Five in Five, Mammals

Five ‘One-Of-A-Kind’ Animals

Five ‘One-Of-A-Kind’ Animals

Did you know there are around one million known insect species on the planet? This easily makes the insect the most diverse animal in the world. All insects belong to the animal classification: Insecta, which defines them as a six-legged invertebrate with three body segments and an antenna. The beetle is the most abundant species in the insect world, with almost 400,00 members. However, entomologists estimate there could be as many as 10 million extant insect species.

To the contrary, some species of animals are the only existing member of their genus. For instance, human beings are the only living member of the genus Homo. Mankind’s closest living relative is the chimpanzee, which shares 98.8% of our DNA. Thus, it may be surprising to learn that the chimp is a different genus (Pan) to humans. While it might be fair to say that truly makes us humans one-of-a-kind in the animal world it is certainly not a unique status. Here’s a brief narrative on five distinctive mammals that share our human (homo sapien) one-of-a-kind disposition:


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The aardvark is a medium-sized, nocturnal, burrowing mammal that is endemic to much of Sub-Saharan Africa. Having a similar appearance and diet, it was once thought to be related to the anteater. However, the aardvark (Orycteropus after) is the only extant species of the order Tubulidentata. It is distantly related to the elephant but split from the Elephantidae family some 80 million years ago.

Sometimes known as the ‘antbear’, aardvark translates from Afrikaans to English as ‘earth pig’. The nocturnal feeders subsist on ants and termites, using their sharp claws and powerful legs to dig out the insects. The aardvark also lives in a deep burrow, where it also raises its offspring. Although the aardvark’s numbers are decreasing due to loss of habitat and the bush meat trade, they are currently listed as “least concern” by the IUCN


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The aye-aye (Daubentonia madagascariensis), native to Madagascar, is the world’s largest nocturnal primate. Its big eyes, large ears, and rodent-like teeth do not give away the fact it is a species of lemur. Its sinister looks mean it could easily be mistaken for one of the little monsters from the 1984 film ‘Gremlins’. However, the aye-aye is the only extant member of the family ‘Daubentoniidae’.

Once known as the long-fingered lemur, the aye-aye name was given to it by the Madagascans. The aye-aye is a nocturnal, arboreal, jungle dweller, spending most of its life in the forest canopy. Its diet staples are seeds, nuts, fruits, nectar, fungi, honey and insect larvae. The aye-aye is currently classified as ‘Endangered’ by the IUCN. Deforestation and poaching are the main reasons for the decline in numbers. However, local superstition views the aye-aye as evil, so it is often killed without aforethought.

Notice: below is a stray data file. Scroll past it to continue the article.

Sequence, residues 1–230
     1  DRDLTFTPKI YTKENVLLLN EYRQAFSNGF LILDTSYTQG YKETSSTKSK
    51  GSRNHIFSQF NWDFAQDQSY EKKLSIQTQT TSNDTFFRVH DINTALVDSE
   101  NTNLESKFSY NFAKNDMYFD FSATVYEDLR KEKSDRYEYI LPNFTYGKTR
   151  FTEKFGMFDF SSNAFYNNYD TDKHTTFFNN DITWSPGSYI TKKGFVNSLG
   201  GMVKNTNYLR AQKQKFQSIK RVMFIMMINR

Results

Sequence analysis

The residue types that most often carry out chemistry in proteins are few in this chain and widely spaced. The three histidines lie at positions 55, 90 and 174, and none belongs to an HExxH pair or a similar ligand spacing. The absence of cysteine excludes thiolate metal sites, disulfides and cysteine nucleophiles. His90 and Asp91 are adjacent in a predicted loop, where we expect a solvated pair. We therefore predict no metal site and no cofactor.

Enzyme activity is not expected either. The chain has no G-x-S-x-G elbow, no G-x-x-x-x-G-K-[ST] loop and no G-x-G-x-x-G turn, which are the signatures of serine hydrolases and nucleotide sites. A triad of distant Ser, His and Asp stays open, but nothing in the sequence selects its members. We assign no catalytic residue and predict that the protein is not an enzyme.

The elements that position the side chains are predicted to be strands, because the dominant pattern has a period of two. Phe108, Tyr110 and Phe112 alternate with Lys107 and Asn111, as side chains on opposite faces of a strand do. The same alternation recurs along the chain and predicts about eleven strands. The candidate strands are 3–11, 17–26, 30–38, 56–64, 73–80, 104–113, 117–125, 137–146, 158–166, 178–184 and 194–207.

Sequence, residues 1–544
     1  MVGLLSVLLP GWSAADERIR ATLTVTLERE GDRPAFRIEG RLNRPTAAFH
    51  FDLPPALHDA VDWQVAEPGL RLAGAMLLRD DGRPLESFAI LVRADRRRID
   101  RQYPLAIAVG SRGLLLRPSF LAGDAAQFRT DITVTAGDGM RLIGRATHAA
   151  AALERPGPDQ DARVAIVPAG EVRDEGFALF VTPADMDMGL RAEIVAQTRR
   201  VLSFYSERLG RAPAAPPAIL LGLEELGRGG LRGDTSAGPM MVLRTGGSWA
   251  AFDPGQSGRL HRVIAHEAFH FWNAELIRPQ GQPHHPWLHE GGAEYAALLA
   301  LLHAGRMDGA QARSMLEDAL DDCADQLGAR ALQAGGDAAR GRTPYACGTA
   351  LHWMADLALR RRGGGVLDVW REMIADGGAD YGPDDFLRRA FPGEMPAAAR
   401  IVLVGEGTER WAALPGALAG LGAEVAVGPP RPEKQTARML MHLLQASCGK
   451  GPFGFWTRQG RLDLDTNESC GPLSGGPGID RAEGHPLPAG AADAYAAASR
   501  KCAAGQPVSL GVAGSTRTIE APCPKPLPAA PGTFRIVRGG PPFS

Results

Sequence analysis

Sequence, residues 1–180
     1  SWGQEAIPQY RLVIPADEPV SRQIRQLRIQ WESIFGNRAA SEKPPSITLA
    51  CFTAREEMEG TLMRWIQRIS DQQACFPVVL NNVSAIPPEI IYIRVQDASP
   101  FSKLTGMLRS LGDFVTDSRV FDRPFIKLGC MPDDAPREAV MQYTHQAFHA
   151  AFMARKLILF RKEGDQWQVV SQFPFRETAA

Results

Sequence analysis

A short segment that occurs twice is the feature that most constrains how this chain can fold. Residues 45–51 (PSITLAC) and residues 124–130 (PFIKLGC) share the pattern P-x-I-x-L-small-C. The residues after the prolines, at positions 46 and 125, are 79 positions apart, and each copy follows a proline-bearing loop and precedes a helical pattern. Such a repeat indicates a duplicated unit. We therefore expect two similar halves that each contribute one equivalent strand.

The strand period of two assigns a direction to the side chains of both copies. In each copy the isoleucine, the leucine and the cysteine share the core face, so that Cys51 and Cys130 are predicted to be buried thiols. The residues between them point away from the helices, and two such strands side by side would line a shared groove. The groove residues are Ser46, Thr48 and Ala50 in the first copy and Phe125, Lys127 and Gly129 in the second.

Photo credit: Flickr/CC BY 2.0 Deed

The dugong (Dugong dugon) is a marine mammal that is the only living species of the once-diverse family Dugongidae. Its range is the coastal waters of the approximate 40 countries and territories that rim the Indo-West Pacific. The dugong’s nearest living relatives are the 3 extant species of manatee which belong to the same taxonomic order.

The dugong’s common local names include the “sea cow”, the “sea pig” and the “sea camel”. Its diet consists almost entirely of seagrass. While the dugong is legally protected in many countries it is listed by the IUCN as ‘vulnerable’. The threats to its existence come from fishing-related fatalities, habitat degradation, and hunting. Additionally, its sluggish rate of reproduction makes the dugong especially vulnerable to extinction.

Honey Badger

Photo credit: Wikimedia Commons/CC BY-SA 4.0

The honey badger (Mellivora capensis) is a vicious, carnivorous mammal that has a range stretching across Africa, Southwest Asia, and the Indian subcontinent. The sole member of the genus Mellivora, the honey badger gets its name from its love of honey and resemblance to the badger. However, it is only remotely related to the badger as its nearest living relatives are the weasel, skunk and otter.

The honey badger’s other common name is the ratel. It mainly has a carnivorous diet, which includes insects, frogs, tortoises, turtles, lizards, rodents, snakes and birds. However, as well as honey, it will also indulge in eggs, berries, roots and bulbs. The honey badger has a great range but low density and its numbers are in decline. Though protected in some countries, it is relentlessly poisoned and trapped in others. There is currently no accurate survey of the global honey badger population but it is listed as ‘least concern’ by the IUCN.


Photo credit: Flickr/CC BY 2.0 Deed

Often referred to as the “koala bear”, the koala (Phascolarctos cinereus) is endemic to Australia.  While the Aborigines used many names, ‘koala’ was the one adopted by the country’s early white settlers. The ‘bear’ tag came from its general appearance resembling that of a bear. However, the arboreal, herbivorous, marsupial is the only extant member of the family Phascolarctidae, whose closest living relative is the wombat.

The koala has a range that stretches throughout Queensland, New South Wales, Victoria, and South Australia. Koalas typically inhabit open Eucalyptus woodland, as their diet consists almost entirely of eucalypt leaves. The koala is listed as ‘vulnerable’ by the IUCN. The main threats to its existence are loss of habitat due to urbanisation, droughts, bushfires and agricultural expansion.


Header image credit: Wikimedia Commons/CC BY-SA 3.0

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